How to Talk to Your Child about the Death of a Family Pet


We recently lost a neighborhood dog, but it wasn’t just any ole neighborhood dog. This dog was my little Lola’s favorite. We knew he was suffering and had lived a good, long life (I think he was 15 years old?!), so it wasn’t such a bad thing for him to go. The big question was, how are we going to explain to Lola that her best furry bud is gone?

It is hard on the whole family when you lose a precious pet, but how do you talk to your children about this loss? Knowing what to say and how to make sure the kids understand is crucial in moving forward. You want to know your children are okay and help them get through the grief of losing your pet.

Keep in mind that most of the time your child will look at your reactions and do what you do. It is natural to be sad and upset, and you need to let the children know that it is ok and normal to feel this way. Make sure to discuss this right away since the longer you wait the more questions and doubts your child may have.

If you have younger children, say 3-5 years old, their concept of death is that it is a temporary thing. Be honest with them that your pet is not coming back, and try to share some good memories you have together.

For kids ages 6-8, they understand the concept of death, but maybe find it hard to believe that your pet is truly gone. Children this age may feel like they could have done something to prevent your pet dying, so make sure to let them know it had nothing to do with them.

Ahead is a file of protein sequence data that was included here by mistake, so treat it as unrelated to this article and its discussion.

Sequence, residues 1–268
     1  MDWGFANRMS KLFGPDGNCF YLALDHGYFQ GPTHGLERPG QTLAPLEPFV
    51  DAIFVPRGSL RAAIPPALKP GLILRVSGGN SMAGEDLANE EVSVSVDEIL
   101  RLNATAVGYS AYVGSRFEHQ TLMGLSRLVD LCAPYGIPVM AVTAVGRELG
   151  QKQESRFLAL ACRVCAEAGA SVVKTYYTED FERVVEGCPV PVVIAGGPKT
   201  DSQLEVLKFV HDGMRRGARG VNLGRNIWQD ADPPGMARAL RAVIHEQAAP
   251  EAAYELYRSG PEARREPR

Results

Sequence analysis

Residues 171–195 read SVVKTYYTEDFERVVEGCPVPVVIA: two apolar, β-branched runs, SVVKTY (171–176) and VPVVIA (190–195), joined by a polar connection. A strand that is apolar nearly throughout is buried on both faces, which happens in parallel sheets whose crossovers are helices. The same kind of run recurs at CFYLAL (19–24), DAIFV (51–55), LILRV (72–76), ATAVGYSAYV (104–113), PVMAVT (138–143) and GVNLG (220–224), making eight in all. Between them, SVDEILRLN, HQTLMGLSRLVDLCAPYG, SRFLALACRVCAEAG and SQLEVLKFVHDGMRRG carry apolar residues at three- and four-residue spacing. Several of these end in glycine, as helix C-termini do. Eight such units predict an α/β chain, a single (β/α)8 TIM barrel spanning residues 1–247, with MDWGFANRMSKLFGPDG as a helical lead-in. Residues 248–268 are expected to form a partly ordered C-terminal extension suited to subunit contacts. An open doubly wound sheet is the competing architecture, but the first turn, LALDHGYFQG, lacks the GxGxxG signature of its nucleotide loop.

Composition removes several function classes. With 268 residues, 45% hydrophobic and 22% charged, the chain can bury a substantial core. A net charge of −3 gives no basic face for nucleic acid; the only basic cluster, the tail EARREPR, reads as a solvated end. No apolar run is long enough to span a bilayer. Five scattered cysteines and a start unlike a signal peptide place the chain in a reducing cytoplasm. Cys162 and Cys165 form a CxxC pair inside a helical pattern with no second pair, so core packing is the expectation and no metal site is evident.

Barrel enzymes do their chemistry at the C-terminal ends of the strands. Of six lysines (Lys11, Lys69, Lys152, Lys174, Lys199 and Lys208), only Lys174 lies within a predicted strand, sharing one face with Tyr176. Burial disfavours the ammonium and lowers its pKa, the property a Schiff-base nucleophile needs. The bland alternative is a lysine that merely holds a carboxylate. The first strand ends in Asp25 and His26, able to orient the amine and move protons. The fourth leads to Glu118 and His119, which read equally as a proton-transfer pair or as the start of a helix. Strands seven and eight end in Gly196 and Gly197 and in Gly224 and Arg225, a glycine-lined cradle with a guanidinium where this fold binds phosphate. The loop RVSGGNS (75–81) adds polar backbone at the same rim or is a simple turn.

Older kids might want to know more information or ask more direct questions, so be prepared for this.
Every child may grieve differently, so just make yourself available to them if they need you.

One thing you don’t want to do is give them vague answers about what happened to your family pet. Kids’ imaginations can go wild and they need you to be direct and honest with them. You can be brief, but give them accurate information so they do understand. You don’t have to go into details that will disturb them, but let them know the truth.

The most important thing your child needs during this sad time is comfort. Grieve as a family but always hold those precious memories of your pet close to your heart.

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  1. For all of us pet lover’s out there who have lost a fur baby it is difficult enough for us to truly comprehend–how terribly hard it must be for a young child.

  2. We have lost several pets and our sons had a real hard time…and they were in their 20s. It is really difficult when a pet has been with you for so very many years. I agree with not giving small children vague answers. They need the truth.

  3. I can only imagine how hard something like this is to talk about with the kids. Great tips for such a hard talk.

  4. This is a sad but important topic. I had pets as a child, and being able to handle the grief (with help from my mom) was crucial!

  5. The unexpected death of our German Sheppard was very hard for my oldest son. From the moment he was born, the dog was his shadow. Every photo of him taken at home has the dog in it. It took him a long time to accept that his pal is really not coming back.

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